Document Detail


Assessment of exposure to mercury from industrial emissions: comparing "distance as a proxy" and dispersion modelling approaches.
MedLine Citation:
PMID:  17182645     Owner:  NLM     Status:  MEDLINE    
Abstract/OtherAbstract:
BACKGROUND: The Runcorn area, north-west England, contains many pollution sources, the health effects of which have been under discussion for over 100 years. Preliminary investigations revealed an excess risk of mortality from kidney disease in people living nearest to several point sources of pollution, using distance as a proxy for exposure. Ongoing epidemiological investigations into the effect of ambient mercury exposure on dose and renal effect required a more refined assessment of exposure. METHODS: Atmospheric dispersion modelling was used to assess mercury dispersion from three mercury-emitting sources (including a large chlor alkali plant), based on knowledge of emissions, local meteorology and topography. RESULTS: The model was sensitive to various input parameters, with different dispersion patterns and ground-level concentrations, and therefore different exposed populations identified when different input parameters were defined. The different approaches to exposure assessment also had an impact on the epidemiological findings. The model output correlated well with weekly monitoring data collected in the local area, although the model underestimated concentrations in close proximity to the chlor alkali plant. The model identified that one point source did not contribute significantly to ground-level mercury concentrations, so that inclusion of this source when using the "distance as a proxy" approach led to significant exposure misclassification. CONCLUSIONS: The model output indicates that assessment of ambient exposure should give consideration to the magnitude of emissions, point source characteristics, local meteorology and topography to ensure that the most appropriate exposure classification is reached. Even if dispersion modelling cannot be undertaken, these data can be used to inform and improve the distance as a proxy approach, and improve the interpretability of the epidemiological findings.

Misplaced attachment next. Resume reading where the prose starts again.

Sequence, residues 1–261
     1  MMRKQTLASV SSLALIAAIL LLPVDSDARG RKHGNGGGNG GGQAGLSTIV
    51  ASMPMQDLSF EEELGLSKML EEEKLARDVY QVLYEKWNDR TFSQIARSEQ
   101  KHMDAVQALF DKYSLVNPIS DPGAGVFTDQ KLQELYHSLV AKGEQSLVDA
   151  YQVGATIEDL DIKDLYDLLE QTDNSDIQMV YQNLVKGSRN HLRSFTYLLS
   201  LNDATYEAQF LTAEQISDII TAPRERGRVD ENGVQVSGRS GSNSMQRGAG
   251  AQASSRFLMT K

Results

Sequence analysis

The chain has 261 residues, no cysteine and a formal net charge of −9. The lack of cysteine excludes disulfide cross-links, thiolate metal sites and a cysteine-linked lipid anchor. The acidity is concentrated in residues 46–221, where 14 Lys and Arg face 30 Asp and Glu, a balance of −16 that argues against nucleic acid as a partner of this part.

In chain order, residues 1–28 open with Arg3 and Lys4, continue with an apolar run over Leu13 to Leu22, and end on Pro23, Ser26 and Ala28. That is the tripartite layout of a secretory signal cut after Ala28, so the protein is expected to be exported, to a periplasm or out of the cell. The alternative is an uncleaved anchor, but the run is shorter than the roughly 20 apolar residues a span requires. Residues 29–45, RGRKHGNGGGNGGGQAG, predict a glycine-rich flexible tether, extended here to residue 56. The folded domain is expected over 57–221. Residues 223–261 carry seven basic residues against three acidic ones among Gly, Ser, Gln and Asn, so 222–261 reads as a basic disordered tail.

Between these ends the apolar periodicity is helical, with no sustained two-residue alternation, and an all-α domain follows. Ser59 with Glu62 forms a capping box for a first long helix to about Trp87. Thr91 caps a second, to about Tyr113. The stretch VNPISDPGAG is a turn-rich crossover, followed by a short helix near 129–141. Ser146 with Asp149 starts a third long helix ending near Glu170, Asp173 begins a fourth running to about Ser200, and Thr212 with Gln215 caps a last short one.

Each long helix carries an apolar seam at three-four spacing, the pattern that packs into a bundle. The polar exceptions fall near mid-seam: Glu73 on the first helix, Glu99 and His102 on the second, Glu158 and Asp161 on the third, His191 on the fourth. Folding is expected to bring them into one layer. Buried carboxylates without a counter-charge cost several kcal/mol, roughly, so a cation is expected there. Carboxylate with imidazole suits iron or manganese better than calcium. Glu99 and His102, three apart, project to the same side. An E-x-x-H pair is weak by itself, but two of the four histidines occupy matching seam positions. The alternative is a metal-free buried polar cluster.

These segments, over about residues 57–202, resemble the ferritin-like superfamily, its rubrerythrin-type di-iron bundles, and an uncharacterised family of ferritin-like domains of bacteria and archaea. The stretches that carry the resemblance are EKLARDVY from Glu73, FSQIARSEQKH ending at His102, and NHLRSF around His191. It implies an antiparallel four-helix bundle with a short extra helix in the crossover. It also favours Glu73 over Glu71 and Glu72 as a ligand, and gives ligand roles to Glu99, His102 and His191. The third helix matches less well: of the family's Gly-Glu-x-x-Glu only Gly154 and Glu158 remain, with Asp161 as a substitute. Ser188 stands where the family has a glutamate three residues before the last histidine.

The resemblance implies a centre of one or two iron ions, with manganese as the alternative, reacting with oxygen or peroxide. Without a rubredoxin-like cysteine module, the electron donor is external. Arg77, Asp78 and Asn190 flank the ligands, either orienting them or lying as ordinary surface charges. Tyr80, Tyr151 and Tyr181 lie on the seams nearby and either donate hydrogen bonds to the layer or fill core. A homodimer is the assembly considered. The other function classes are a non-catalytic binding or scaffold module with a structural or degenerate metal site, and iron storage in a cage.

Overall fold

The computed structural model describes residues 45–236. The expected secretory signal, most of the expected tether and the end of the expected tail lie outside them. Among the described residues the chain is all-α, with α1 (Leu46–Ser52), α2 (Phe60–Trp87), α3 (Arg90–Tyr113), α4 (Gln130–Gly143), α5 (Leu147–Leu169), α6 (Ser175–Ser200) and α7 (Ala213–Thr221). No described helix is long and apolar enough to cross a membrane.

Authors:
Susan Hodgson; Mark J Nieuwenhuijsen; Roy Colvile; Lars Jarup
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Publication Detail:
Type:  Comparative Study; Evaluation Studies; Journal Article; Research Support, Non-U.S. Gov't     Date:  2006-12-20
Journal Detail:
Title:  Occupational and environmental medicine     Volume:  64     ISSN:  1470-7926     ISO Abbreviation:  Occup Environ Med     Publication Date:  2007 Jun 
Date Detail:
Created Date:  2007-05-21     Completed Date:  2007-06-13     Revised Date:  2010-09-14    
Medline Journal Info:
Nlm Unique ID:  9422759     Medline TA:  Occup Environ Med     Country:  England    
Other Details:
Languages:  eng     Pagination:  380-8     Citation Subset:  IM    
Affiliation:
Small Area Health Statistics Unit (SAHSU), Imperial College London, London, UK. susan.hodgson@ncl.ac.uk
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MeSH Terms
Descriptor/Qualifier:
Air Pollution / adverse effects*,  analysis
England / epidemiology
Environmental Exposure / adverse effects*,  analysis
Female
Humans
Industry
Male
Mercury / analysis,  toxicity*
Meteorological Concepts
Models, Theoretical
Residence Characteristics
Topography, Medical
Chemical
Reg. No./Substance:
7439-97-6/Mercury
Comments/Corrections

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